Let’s walk through a practical example to understand how the tangent function is used to calculate the optimal roof overhang.

Imagine a model of a house. Suppose we want to create an overhang that blocks the high summer sun (approximately from late April to early August) but allows lower winter sun to enter. We’ll use Florida as our example region.

Model of a house showing the roof with overhang designed for sun protection.

Modeling the House and Its Roof Overhang via Right Triangle

Many architectural and construction elements can be modeled with the help of geometry, particularly right triangles. One such right triangle can be seen in the picture below:

Triangle ABC models the wall and overhang of the house.

In the triangle ABC, leg AB is the distance from the bottom of the window to the roof overhang. In our example, this length is 6 feet. Leg BC is the length of the overhang that we need to determine, and AC is the hypotenuse that lies on the ray “r” representing the direction of the sunrays.

Calculating the Length of the Overhang Using Tangent (1st Method)

In Florida, from about late April to early August, the Sun reaches a 70-degree solar angle. Therefore, the solar angle β in our figure equals 70°. Angles β and α are adjacent, and therefore angle α equals:

\( 90^\circ – 70^\circ = 20^\circ \)


Triangle ABC with marked angles alpha and beta.

In our triangle, the leg BC is opposite to angle α, and the leg AB is adjacent to angle α.

Tangent α is:

\( \tan(\alpha) = \frac{BC}{AB} \)

Since BC is the length of the overhang that we need to determine, rearranging the formula to solve for BC gives us:

\( BC = AB \cdot \tan(\alpha) = 6 \, \text{ft} \cdot \tan(20^\circ) = 6 \cdot 0.36 \approx 2.2 \, \text{ft}. \)

Calculating the Length of the Overhang Using Tangent (2nd Method)

There is another way to determine the angle of the right triangle and calculate the length of the overhang using properties of alternate angles.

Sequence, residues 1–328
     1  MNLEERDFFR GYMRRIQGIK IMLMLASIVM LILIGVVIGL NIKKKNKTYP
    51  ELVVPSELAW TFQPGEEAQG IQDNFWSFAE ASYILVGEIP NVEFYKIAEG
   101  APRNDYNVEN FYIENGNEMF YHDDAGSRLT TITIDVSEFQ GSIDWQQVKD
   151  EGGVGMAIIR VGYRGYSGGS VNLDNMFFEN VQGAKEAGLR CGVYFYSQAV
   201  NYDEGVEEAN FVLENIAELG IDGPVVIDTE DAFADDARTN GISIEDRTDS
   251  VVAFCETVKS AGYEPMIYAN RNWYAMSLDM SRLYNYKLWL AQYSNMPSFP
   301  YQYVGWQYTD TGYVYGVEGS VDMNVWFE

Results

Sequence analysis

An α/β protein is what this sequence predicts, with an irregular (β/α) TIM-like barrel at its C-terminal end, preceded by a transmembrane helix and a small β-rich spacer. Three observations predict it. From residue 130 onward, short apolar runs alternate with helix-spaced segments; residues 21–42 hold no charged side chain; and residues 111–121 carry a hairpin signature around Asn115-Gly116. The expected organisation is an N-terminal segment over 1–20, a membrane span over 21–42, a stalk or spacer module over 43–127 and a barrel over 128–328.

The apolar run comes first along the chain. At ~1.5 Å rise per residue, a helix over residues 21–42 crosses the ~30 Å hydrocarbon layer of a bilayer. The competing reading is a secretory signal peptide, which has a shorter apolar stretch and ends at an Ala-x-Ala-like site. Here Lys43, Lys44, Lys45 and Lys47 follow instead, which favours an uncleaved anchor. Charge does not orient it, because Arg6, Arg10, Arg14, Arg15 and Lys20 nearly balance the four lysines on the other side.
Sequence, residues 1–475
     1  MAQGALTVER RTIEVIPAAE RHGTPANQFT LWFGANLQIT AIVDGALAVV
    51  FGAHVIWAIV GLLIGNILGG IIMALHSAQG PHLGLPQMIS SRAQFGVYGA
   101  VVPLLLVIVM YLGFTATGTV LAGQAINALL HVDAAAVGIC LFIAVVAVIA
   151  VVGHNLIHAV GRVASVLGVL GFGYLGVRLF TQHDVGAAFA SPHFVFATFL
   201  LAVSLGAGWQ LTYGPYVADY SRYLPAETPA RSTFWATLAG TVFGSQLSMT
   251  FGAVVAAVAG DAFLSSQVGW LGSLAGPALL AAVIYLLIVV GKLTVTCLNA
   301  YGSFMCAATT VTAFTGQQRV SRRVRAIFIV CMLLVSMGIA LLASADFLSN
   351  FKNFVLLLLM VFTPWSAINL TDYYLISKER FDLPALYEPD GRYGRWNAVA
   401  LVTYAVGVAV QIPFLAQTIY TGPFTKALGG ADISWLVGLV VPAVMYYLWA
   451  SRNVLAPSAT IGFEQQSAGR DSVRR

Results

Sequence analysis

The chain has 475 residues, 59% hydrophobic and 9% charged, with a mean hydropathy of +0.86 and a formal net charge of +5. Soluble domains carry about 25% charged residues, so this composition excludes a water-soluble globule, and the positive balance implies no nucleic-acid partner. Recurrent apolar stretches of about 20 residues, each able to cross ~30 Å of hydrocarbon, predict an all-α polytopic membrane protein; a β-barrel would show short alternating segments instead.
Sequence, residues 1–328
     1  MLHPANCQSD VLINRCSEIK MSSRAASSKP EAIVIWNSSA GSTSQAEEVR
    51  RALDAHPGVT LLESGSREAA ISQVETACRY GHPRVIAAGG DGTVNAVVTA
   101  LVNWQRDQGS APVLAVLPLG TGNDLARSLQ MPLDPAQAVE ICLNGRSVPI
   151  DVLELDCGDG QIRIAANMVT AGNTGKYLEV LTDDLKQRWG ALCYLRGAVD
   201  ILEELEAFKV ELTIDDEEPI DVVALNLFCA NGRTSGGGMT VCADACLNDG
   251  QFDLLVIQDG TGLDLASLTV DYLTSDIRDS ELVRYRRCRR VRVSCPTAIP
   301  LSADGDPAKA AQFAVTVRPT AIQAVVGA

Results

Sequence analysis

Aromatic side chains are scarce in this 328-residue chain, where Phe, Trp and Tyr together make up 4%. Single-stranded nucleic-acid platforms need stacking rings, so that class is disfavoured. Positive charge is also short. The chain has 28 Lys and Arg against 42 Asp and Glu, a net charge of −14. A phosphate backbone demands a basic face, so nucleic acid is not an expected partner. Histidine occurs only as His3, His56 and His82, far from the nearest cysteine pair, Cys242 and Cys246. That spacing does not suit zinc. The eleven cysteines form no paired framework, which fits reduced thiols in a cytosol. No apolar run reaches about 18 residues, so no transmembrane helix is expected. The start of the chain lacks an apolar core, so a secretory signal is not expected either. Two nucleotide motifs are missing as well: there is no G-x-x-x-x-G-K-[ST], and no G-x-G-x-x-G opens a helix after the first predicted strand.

More precisely, angles β and ∠BCA are alternate angles and therefore equal. Thus, the angle ∠BCA = 70°.

Triangle ABC with angle BCA alternate to angle beta.


In the case of ∠BCA, leg AB is opposite and leg BC is adjacent to this angle:

\( \tan(\mathrm{BCA}) = \frac{AB}{BC} \)


\( BC = \frac{AB}{\tan(\mathrm{BCA})} = \frac{6}{2.75} \approx 2.18 \, \text{ft}. \)

Thus, in our example, the optimal roof overhang length should be approximately 2.2 ft to effectively block the high summer sun.

Model of a house with a roof featuring a 2.2-foot overhang designed for sun protection.


The tangent function is a powerful tool in architecture and construction, providing a simple yet effective way to calculate the size of building elements, including roof overhangs. By understanding and applying this mathematical concept, architects and construction engineers can design overhangs that protect from sun and rain, enhance energy efficiency, and add to the visual appeal of buildings. So next time you see a well-designed roof overhang, remember the role of trigonometry and the tangent function in making it possible.


Download the worksheet for this real-world case study.


To ensure the accuracy of the information in this article, we have used the following publication: 

Further reading

In this article, we have explored how tangent is used in architecture and construction. If you are interested in learning more about applications of trigonometry in real life, these articles might interest you:

Additionally, if you are interested in other applications of math in architecture and construction, the following articles will be interesting to you:

Want to receive a notification when we publish new article?
Like this article?
Read more from our blog:

What Real-Life Math Topic Interests You?

Interested in seeing how a specific math topic is applied in the real world?

Let us know your preferred topic, and we’ll create a blog post and video showcasing its practical applications.

If you’d like, you can also let us know which real-world domain you’d like us to explore!